By Adam Vaughan
Coping with the hay fever season in north-west Europe is set to get harder, with climate change projected to potentially increase the severity of the pollen season by more than half.
Pollen seasons are already expected to start earlier and last longer as temperatures warm and carbon dioxide concentrations rise, affecting the trees and grasses that release the pollen. However, efforts to predict the difference climate change might bring at a local level are still at an early stage.
To find out more, a European team gathered 22 years of pollen data from 34 monitoring sites across Belgium, Denmark, France, the Netherlands and the UK, and combined it with weather data collected near those sites. Running the results through two statistical models, the researchers found that the amount of pollen released in a season could increase by up to 60 per cent due to climate change, assuming a doubling of atmospheric CO2 levels to around 800 parts per million.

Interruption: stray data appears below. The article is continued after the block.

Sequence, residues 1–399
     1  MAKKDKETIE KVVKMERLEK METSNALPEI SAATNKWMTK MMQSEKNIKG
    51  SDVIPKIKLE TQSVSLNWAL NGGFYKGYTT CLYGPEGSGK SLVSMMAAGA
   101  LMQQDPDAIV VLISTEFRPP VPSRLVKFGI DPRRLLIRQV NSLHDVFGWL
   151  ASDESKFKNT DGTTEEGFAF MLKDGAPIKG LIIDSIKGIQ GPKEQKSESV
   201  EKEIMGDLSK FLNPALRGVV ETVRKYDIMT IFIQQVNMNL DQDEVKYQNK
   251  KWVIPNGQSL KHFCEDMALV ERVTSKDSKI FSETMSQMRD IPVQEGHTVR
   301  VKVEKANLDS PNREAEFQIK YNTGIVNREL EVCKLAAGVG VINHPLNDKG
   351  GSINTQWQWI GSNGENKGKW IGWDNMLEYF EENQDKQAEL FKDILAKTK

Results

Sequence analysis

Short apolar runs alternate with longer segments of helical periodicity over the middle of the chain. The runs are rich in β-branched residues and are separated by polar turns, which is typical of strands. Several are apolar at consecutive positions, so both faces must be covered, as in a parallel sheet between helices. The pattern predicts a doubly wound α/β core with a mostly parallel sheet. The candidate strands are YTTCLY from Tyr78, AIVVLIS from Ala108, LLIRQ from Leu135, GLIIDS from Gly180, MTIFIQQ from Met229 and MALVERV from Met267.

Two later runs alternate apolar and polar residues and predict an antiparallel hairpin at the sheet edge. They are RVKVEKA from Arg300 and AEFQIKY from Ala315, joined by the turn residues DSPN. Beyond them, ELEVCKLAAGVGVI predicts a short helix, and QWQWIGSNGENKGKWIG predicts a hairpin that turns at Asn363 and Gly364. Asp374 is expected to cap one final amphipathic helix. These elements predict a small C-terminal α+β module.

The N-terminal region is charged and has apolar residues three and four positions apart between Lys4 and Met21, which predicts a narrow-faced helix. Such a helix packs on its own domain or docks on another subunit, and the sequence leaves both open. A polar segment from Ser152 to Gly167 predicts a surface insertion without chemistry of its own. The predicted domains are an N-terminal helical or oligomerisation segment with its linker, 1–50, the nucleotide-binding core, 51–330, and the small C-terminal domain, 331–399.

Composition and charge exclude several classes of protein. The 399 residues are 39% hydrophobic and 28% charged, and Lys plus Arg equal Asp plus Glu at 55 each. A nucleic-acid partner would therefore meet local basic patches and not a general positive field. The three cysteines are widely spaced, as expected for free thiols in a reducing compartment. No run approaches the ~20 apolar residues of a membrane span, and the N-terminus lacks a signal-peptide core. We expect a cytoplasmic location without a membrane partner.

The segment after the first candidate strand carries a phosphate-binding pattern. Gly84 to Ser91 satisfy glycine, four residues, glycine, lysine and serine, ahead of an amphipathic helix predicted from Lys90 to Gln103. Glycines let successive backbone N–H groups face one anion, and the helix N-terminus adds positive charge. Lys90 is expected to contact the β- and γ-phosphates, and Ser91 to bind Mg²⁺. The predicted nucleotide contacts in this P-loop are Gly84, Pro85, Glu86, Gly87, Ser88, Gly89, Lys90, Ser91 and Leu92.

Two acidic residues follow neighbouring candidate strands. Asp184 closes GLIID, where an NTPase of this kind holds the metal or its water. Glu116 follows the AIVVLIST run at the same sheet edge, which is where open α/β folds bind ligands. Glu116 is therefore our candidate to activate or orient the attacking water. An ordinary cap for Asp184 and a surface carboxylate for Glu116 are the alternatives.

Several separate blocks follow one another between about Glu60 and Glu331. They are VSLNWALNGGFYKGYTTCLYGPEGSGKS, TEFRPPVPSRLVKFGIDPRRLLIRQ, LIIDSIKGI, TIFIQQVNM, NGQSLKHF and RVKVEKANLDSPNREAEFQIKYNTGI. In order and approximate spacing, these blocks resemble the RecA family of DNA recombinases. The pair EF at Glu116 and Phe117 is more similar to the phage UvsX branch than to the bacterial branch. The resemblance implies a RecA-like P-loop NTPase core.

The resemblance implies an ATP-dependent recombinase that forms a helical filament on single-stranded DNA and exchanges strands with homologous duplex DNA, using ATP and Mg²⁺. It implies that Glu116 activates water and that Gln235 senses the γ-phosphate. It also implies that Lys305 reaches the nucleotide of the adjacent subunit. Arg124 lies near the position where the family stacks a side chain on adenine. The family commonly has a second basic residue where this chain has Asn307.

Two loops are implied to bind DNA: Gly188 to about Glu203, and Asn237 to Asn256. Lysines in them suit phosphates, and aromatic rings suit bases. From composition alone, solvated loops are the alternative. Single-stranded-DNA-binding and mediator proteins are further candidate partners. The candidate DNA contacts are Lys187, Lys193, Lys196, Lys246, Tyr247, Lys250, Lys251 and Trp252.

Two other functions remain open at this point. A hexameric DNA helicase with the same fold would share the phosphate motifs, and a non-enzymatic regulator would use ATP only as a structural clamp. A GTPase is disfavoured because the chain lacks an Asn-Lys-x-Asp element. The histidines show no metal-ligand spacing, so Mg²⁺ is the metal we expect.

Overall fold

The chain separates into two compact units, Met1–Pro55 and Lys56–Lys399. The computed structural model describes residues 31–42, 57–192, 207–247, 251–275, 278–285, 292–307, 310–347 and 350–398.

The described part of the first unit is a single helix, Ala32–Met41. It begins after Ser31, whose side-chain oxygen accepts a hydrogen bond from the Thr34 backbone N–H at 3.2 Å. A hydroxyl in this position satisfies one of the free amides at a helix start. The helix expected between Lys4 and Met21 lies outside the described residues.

Unless humanity disastrously fails to rein in carbon emissions, that is unlikely to ever happen. But Carsten Skjøth at the University of Worcester, UK, who worked on the study, says the direction of travel is clear.
So what can be done apart from cutting CO2 emissions? The biggest thing is better planning ahead of the pollen season, says Skjøth, such as having more people medicated to cope with hay fever symptoms or advised to avoid exposure to pollen where possible.
There is one important caveat to the research, Skjøth acknowledges. The study didn’t consider the impact that rising temperatures would have on pollen from different types of grass and trees, which matters because climate change is expected to alter where certain species can live as well as what people plant, such as adopting more drought-tolerant species.